Judging the Troops: Exceptional Security Measures and Judicial Impact in India
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AbstractIndia's military has long policed parts of the country experiencing separatist demands. I evaluate the judiciary's response to grave abuse by the armed forces, critiquing positivist and deconstructive theories about exceptional emergency powers as I do so.
I argue that positivist legal prescriptions for designing exceptional security measures would fail to restrain state abuse. Positivist theories assume that exceptional powers will be used in compressed, extreme circumstances. But, the Indian experience shows that once exceptional measures are in place, governments will seek to retain them over the long term. Over time, these formal powers and the informal practices that grow around them are likely to entrench abuse. However, the Indian experience also demonstrates that when state abuse becomes firmly established, the judiciary will attempt to moderate exceptional powers, albeit partially, and with the aim of assisting victims of abuse rather than genuinely constraining the executive’s will to unilateral dominance.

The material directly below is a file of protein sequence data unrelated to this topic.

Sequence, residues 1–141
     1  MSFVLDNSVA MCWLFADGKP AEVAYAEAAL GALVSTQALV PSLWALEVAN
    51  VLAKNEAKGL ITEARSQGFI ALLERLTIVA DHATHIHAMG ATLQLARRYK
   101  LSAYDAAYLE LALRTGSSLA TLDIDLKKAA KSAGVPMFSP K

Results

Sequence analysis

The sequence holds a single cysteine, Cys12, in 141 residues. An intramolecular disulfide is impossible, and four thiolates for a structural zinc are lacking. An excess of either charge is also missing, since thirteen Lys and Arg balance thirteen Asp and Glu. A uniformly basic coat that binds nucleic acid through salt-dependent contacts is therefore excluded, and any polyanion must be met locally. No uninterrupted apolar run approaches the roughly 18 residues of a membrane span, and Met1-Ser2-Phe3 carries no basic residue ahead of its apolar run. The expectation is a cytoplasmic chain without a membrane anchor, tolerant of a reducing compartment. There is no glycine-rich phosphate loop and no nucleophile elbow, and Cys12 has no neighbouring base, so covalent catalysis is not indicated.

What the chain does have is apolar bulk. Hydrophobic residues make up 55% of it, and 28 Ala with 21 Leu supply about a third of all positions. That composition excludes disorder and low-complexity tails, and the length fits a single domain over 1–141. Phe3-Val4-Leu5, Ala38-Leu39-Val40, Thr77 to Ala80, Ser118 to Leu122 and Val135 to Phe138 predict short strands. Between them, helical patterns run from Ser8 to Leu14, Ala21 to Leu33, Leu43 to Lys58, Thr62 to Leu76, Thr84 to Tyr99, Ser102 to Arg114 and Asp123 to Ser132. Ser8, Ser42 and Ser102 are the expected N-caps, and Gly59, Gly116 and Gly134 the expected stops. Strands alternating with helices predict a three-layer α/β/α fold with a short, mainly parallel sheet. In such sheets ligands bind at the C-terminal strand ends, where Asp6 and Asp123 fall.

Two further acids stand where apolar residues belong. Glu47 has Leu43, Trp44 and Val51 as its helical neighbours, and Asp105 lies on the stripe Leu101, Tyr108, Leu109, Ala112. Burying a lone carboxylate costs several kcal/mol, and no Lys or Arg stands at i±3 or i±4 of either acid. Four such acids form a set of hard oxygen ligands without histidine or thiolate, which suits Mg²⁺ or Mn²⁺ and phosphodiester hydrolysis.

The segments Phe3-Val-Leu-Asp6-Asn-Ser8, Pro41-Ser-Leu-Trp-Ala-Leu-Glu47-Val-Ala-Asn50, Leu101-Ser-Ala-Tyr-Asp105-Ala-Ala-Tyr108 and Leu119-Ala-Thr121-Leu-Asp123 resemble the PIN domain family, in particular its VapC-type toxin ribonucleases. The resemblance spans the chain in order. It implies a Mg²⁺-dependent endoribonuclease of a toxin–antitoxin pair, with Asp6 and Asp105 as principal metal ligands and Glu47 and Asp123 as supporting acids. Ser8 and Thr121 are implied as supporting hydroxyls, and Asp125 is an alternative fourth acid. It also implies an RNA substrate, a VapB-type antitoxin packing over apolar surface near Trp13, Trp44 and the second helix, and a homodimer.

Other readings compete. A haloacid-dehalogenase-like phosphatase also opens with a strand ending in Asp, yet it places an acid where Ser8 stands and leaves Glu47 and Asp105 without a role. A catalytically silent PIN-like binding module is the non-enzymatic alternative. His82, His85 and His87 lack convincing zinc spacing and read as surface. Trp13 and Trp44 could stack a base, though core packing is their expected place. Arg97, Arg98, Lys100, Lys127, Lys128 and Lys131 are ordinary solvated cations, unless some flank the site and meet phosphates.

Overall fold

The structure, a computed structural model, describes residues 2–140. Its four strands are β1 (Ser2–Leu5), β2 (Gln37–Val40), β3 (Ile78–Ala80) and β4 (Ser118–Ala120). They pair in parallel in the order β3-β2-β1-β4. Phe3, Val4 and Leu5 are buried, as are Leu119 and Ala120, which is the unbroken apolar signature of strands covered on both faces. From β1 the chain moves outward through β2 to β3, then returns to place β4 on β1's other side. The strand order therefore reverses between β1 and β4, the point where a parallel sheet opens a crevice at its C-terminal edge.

All Author(s) ListSurabhi Chopra
Name of ConferenceThe10th World Congress of Constitutional Law (IACL-AIDC) 2018
Start Date of Conference18/06/2018
End Date of Conference22/06/2018
Place of ConferenceSeoul, South Korea
Country/Region of ConferenceSouth Korea
Year2018
LanguagesEnglish-United Kingdom
KeywordsIndia, judicial impact, armed forces, human rights abuse

Last updated on 2018-10-10 at 14:16